Dating back to 2005, research from our laboratory and others from around the world has focused on how improving muscle strength can help runners. The purpose of this article is to provide an overview of the importance of muscle strengthening for injury treatment and prevention to also explain, in part, the scientific side of strengthening.

Let’s start with the physiological response to strengthening. We recently published a study wherein runners with patellofemoral pain syndrome (PFPS: pain under your knee cap) performed 2 simple hip-muscle strengthening exercises everyday for 3 weeks. At the end of the 3-week program, runners had a 43% reduction in pain and a 30% increase in muscle strength. In such a short period of time, improvements in strength are largely attributable to changes in neuromuscular activation of muscles and not to changes in muscle fibre composition. Changes in muscle composition are commonly called hypertrophy: the enlargement in the size of the muscle fibres. Other studies have also shown that after only 10 or 14 days of daily strengthening, the number of nerve fibres that are recruited to activate the muscle is what primarily causes the improvements in strength: more nerves are working and thus more fibres are activated. What this means is that if you stop the exercises after only 2–3 weeks of work, even though your pain might be getting better, you’ll quickly lose all the strength you have gained. It takes approximately 5–6 weeks for the architecture of the muscle to actually change, hypertrophy to begin, and long lasting effects to take place.


There have actually been no studies involving long-distance (recreational or competitive) runners to understand the effects of muscle strengthening on overall performance. So I cannot speak to how these types of exercises will help you reach a personal best time. However, our research was one of the first studies to show that strengthening equates to a reduction in stride-to-stride variability — in other words a more consistent running gait pattern on a step-by-step basis. From a clinical perspective, it is reasonable to assume that restoration of a more consistent and predictable movement pattern, concomitant with increases in muscle strength and reductions in pain, would occur. By getting your key stabilizing muscles stronger, you provide the body with more consistent (less variable) movement pattern. If you are injured, the strengthening equates to an optimal environment to allow for tissue healing and pain-resolution. If you’re not injured, the improved muscle strength will be injury protective since your body is being subjected to a consistent stimulus and knows what to expect each step. We’re currently conducting a large study, funded by the Alberta Heritage Foundation, to continue researching this important topic.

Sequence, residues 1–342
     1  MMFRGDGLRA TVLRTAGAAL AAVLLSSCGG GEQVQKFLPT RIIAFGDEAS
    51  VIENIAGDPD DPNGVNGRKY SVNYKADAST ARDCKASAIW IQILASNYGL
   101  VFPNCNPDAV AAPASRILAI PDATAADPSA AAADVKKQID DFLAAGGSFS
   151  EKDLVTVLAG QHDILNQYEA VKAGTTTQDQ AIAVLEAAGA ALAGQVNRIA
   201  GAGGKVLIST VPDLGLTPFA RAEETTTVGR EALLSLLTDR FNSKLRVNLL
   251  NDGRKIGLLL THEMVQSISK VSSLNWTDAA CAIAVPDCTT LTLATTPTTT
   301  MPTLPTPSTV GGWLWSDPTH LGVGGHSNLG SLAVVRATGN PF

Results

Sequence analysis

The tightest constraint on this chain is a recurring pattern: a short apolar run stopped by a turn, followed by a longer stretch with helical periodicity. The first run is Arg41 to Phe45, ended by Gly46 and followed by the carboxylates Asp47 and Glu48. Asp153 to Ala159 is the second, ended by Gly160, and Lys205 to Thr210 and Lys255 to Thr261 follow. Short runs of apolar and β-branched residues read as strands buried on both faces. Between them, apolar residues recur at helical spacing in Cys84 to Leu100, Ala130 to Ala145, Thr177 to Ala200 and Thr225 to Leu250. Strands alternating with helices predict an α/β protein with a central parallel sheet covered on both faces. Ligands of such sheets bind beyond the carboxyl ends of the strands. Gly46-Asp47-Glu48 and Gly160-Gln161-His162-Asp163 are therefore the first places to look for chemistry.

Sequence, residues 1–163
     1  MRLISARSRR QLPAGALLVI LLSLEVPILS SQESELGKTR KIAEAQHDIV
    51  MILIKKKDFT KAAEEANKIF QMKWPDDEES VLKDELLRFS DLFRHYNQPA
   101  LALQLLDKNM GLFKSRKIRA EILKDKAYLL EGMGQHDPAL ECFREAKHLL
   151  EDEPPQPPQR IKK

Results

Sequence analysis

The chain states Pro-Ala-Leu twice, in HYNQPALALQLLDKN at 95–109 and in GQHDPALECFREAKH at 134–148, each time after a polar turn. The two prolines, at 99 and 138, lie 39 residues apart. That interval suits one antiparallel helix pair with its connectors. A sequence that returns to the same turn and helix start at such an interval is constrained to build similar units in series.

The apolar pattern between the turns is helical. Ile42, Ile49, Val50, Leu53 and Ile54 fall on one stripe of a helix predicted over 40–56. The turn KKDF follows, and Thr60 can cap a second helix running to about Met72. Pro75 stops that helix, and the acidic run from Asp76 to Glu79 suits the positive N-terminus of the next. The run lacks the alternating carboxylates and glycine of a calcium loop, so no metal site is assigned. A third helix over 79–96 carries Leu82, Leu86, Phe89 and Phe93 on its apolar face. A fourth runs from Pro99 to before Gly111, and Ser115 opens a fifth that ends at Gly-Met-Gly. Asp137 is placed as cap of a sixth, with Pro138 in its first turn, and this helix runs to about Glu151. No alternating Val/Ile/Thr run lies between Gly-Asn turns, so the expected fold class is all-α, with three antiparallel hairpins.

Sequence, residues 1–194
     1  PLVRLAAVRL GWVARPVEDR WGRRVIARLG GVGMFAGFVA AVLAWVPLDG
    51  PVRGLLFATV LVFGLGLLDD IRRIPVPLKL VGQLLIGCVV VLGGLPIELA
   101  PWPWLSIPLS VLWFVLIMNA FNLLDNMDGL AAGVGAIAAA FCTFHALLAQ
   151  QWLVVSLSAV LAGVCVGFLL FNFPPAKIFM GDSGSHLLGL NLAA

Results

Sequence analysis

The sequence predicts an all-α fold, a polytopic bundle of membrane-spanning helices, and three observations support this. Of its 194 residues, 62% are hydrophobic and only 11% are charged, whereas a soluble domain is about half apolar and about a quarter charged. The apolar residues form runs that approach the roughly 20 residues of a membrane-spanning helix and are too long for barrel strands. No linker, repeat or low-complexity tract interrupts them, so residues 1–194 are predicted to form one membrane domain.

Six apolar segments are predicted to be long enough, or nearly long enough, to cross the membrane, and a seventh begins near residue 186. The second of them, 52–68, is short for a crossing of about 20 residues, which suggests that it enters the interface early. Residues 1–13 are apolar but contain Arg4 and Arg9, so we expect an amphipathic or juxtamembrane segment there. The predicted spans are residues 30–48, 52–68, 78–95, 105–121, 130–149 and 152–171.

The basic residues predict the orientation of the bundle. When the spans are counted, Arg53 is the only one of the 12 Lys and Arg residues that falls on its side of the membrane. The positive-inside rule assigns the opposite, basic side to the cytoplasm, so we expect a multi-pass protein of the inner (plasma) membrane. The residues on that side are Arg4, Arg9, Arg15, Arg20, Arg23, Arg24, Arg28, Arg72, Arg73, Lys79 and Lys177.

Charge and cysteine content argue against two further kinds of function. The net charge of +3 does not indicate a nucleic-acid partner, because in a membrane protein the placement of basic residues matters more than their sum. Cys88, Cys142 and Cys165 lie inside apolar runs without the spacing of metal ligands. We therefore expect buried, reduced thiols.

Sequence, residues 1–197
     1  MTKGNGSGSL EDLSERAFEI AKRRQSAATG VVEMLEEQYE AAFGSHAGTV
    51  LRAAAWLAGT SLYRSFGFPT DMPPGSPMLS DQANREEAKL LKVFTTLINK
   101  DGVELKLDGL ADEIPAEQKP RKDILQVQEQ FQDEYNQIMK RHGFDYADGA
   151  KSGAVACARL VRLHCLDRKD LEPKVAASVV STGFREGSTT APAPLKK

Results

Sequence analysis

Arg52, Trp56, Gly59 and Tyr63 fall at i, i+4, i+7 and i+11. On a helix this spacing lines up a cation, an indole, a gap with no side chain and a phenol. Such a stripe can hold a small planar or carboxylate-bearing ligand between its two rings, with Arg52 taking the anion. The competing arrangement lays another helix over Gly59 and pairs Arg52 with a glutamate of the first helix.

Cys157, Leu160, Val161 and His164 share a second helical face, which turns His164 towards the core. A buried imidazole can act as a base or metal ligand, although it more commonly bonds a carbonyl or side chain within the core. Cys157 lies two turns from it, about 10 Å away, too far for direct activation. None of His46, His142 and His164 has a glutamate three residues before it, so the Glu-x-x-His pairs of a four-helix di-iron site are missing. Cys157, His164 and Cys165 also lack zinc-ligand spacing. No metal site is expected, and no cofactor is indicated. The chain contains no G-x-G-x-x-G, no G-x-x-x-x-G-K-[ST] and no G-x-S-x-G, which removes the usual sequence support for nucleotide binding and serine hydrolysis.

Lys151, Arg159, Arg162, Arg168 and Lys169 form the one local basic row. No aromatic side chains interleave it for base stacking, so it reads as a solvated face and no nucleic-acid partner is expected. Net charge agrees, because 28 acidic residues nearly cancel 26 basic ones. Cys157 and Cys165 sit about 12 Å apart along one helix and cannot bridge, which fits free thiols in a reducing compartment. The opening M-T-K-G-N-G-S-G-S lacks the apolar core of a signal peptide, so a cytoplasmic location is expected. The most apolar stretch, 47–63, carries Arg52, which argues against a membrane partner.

Funny thing … one day back in the 1930s someone simply thought that 3 sets of 10 repetitions sounded like a good idea. Unfortunately, no studies have been conducted to determine if 4 sets of 17 repetitions or maybe even 6 sets of 6 repetitions, as examples, would be better. Regardless, 3 sets of 10 reps is commonly the gold standard and certainly used throughout clinical research. There is also strong evidence that performing strengthening exercises everyday, using lighter resistance, is better than only 2 or 3 times per week. One important principle to keep in mind though: always perform these exercises after a run and never before. These are your key stabilizing muscles and if these exercises are done before the run the risk of injury increases due to fatigue.

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